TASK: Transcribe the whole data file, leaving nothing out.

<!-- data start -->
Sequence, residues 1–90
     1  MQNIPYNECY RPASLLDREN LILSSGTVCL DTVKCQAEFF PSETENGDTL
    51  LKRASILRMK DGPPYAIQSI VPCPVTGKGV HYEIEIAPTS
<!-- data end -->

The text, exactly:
Sequence, residues 1–90
     1  MQNIPYNECY RPASLLDREN LILSSGTVCL DTVKCQAEFF PSETENGDTL
    51  LKRASILRMK DGPPYAIQSI VPCPVTGKGV HYEIEIAPTS